Issaquah ceremony honors veterans’ service

November 9, 2010

By David Hayes

Dave Waggoner is a stickler for military tradition and no other symbol better pays homage to those serving in uniform than the American flag.

“I’ve always wanted people who’ve paid the ultimate sacrifice for our country to never be forgotten, for their actions to be respected,” said Waggoner, himself a veteran of the Vietnam War.

That’s why he spearheaded the effort to ensure that the city of Issaquah always had new flags flying on its 11 flagpoles. In the continually growing tradition, the Issaquah Veterans of Foreign Wars, Post No. 3436, hosts its fourth annual Veterans Day Service on Nov. 11.

Waggoner will present new flags purchased by the VFW to City Councilwoman Eileen Barber. Barber’s family has long ties to military service, from her father in World War II to her nephew, who is just back from serving his second tour in Iraq. She said she looks forward to the ceremony each year.

“It’s absolutely an important day,” she said. “We need to make sure we fly flags in proper shape, that they’re changed with the proper etiquette.”

This year’s ceremony will take place indoors, inside the Eagle Room at City Hall. Waggoner said the move was made because of inclement weather the past three out of four years.

The ceremony also includes guest speakers relating short stories of fallen friends or relatives memorialized on the monument at Veterans Memorial Park. This year, Marilyn Batura will speak about her brother George Larson, who was killed in World War II at Okinawa, Japan, and Linda Hjelm will speak about her classmate Skip McDonald, whose C-130 airplane was shot down over Vietnam.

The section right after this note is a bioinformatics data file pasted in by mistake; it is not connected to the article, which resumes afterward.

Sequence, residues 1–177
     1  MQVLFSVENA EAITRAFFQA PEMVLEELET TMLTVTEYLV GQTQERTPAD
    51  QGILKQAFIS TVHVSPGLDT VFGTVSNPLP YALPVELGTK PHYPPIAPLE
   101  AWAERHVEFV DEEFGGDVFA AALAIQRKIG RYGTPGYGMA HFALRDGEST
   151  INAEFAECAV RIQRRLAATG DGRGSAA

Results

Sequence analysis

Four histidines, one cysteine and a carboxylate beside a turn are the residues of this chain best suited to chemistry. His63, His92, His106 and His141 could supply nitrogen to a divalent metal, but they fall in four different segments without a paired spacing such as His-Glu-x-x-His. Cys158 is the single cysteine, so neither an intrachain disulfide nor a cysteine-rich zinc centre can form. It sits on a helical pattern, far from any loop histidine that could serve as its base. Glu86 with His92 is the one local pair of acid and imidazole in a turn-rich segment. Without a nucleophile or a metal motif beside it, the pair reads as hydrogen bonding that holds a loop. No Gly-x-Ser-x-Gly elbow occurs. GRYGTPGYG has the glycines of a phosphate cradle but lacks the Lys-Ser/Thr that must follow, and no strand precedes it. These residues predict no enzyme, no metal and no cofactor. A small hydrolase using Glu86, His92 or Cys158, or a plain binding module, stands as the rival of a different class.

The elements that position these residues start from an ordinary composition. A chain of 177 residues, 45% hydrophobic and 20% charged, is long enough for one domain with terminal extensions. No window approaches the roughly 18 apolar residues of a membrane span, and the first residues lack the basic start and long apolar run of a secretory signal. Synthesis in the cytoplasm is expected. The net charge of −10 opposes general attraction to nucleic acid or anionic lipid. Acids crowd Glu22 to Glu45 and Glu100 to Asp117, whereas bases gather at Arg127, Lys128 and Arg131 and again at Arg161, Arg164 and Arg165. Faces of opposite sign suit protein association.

In addition, the Issaquah High School Junior Naval Reserve Officers Training Corps will provide the color and honor guard for the service, and will perform a 21-gun salute at the end of the service.

Although the city has 11 flagpoles, Waggoner is presenting only 10 flags. The 11th pole, at Issaquah Hillside Cemetery, isn’t lit, so a flag is not flown there 24 hours a day.

Thanks to Waggoner’s efforts, with the help of Barber, the city lit the last three remaining flagpoles, so lights could shine on the flags 24 hours a day.

“U.S. Flag Code requires when displaying a flag it needs to be lit after dark,” Waggoner said. “If you don’t, then you need to take it down at sunset.”

A stickler for the rules as well as tradition, Waggoner was happy to help the city rectify that oversight.

Waggoner expects about 100 citizens to attend the Veterans Day ceremony and invites the general public to attend as well.

David Hayes: 392-6434, ext. 237, Comment at

If you go

VFW Post No. 3436 fourth annual Veterans Day service

  • 11 a.m. Nov. 11
  • Eagle Room, City Hall
  • 130 E. Sunset Way
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